In the late 70's, I had one of these remodeled apartments on East 87th Street. The tub had been removed, and a shower and a sink as small as a doll house's were squeezed next to the toilet.
When my current landlord took his very first apartment off rent stabilization he was quick to yank out the tub and plunk a shower stall next to the kitchen sink. He was incredulous when he learned that as the new tenants moved in, they ripped out the stall and replaced it with a comfy claw-foot tub. As soon as those tenants moved out, the shower was reinstalled, where it remains.
Unlike my mother, most of my friends are charmed by my kitchen tub. Young children giggle; my 8-year-old niece from the Midwest said she had never seen anything so silly in her whole little life. But if I think back to my first experience with the tub, I realize that I wasn't so cavalier. It was 1982, and I was visiting the friend who later handed over to me the lease on his Elizabeth Street apartment. Submerged in the bubbles, I felt a confusing intimacy while my host made me breakfast.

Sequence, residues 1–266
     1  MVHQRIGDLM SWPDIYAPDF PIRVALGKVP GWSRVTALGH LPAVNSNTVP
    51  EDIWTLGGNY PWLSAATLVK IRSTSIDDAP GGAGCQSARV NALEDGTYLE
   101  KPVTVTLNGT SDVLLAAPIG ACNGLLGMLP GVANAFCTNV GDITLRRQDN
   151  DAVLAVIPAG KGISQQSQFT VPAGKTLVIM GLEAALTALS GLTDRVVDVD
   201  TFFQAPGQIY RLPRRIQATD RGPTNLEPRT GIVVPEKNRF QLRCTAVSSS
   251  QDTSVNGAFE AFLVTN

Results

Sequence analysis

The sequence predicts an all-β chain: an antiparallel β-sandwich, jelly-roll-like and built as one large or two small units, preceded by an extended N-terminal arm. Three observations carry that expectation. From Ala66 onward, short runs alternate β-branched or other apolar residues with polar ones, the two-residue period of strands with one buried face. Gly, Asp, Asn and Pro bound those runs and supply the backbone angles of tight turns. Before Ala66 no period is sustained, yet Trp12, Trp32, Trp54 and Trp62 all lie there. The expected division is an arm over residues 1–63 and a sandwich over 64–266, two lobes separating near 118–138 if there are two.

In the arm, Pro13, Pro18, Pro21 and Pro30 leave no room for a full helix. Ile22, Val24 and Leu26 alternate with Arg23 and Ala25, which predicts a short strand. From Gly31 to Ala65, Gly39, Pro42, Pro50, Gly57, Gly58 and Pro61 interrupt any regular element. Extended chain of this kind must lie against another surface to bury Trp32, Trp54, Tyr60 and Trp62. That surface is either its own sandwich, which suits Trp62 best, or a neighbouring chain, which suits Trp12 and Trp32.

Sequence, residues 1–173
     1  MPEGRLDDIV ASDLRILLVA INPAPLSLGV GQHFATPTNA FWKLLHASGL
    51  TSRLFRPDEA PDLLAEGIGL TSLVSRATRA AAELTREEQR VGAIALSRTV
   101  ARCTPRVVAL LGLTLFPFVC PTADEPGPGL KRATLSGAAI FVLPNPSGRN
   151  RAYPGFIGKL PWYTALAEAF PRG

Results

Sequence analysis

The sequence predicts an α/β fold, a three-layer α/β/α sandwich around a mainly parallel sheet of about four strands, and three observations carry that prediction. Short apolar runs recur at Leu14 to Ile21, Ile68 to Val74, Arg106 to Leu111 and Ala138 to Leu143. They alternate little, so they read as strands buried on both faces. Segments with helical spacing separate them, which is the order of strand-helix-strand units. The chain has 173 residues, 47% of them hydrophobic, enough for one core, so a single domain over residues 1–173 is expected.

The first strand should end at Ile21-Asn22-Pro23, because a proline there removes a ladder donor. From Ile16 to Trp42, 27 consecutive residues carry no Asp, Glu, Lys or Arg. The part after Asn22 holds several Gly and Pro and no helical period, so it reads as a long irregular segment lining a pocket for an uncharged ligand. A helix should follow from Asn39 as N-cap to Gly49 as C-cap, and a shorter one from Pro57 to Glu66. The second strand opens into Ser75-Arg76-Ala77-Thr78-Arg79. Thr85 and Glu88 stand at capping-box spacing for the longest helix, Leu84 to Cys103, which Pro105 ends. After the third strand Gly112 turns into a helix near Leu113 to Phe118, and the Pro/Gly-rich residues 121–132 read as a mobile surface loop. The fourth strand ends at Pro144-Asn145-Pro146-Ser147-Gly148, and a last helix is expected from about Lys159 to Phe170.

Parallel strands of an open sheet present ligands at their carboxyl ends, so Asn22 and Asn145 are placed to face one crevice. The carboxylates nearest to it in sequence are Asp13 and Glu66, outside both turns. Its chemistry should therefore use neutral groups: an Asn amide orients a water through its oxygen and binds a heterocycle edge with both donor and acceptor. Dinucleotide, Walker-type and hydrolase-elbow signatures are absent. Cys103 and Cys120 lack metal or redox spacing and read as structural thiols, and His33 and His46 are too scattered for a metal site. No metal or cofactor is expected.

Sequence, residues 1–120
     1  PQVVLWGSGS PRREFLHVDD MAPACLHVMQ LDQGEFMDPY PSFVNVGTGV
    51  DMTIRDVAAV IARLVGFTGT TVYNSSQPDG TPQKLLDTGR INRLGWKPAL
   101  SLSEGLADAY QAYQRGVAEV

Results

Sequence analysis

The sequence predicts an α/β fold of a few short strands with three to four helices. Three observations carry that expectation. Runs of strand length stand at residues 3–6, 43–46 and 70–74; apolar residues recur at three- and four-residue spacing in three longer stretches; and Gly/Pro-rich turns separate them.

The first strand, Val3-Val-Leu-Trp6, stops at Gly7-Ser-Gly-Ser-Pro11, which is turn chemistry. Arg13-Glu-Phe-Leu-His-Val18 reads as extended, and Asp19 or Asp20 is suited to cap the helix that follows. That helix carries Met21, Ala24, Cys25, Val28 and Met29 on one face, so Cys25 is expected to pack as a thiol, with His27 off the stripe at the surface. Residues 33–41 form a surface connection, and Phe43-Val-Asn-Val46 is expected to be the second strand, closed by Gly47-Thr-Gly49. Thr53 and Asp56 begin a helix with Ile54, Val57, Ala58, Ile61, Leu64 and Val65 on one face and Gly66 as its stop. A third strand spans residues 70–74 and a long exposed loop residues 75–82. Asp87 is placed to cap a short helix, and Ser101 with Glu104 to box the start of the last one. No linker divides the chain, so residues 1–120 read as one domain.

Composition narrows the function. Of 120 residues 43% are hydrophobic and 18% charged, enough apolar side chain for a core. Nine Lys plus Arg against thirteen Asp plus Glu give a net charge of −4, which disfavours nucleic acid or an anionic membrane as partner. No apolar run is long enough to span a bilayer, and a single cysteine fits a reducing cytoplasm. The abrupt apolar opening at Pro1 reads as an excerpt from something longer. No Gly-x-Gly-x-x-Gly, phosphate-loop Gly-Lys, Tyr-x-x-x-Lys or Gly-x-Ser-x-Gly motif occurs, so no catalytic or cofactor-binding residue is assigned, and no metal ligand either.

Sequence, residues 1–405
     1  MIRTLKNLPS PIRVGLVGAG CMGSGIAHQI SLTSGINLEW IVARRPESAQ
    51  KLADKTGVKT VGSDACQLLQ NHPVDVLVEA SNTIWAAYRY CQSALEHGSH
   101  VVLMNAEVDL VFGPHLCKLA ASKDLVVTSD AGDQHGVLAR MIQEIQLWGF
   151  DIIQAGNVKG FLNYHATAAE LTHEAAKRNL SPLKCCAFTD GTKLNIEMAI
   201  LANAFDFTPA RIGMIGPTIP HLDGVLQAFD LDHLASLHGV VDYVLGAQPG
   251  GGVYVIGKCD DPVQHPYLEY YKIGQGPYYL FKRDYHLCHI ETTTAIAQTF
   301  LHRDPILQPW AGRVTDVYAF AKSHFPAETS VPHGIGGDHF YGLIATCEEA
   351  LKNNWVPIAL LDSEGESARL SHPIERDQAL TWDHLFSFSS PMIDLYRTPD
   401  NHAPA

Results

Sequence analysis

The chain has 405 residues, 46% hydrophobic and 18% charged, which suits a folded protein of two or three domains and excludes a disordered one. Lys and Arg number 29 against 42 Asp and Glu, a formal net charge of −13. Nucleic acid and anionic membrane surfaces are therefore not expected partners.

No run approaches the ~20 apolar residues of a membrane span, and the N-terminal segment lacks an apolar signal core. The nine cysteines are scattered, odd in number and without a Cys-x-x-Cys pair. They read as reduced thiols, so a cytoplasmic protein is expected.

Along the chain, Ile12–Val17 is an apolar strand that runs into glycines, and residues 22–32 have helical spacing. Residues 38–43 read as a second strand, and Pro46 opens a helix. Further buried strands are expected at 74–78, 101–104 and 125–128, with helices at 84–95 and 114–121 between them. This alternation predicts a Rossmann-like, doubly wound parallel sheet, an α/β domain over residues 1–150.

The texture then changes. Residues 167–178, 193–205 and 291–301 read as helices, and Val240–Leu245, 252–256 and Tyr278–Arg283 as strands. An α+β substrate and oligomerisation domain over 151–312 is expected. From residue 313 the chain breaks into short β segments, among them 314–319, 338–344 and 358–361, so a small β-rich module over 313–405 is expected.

Today when an out-of-town sleep-over guest sees the bathing facilities, they first think they'll skip the bath, but then enjoy being handed a cup of tea or coffee while immersed. (Of course if they want privacy, I can offer that as well.) But conversation flows freely where water is involved.
After all, next to the bedroom, the kitchen is the most intimate room in the house. In 14 years in my tenement apartment, it never occurred to me that I was missing something.
Alice Feiring is a wine columnist for Time magazine's Generation section.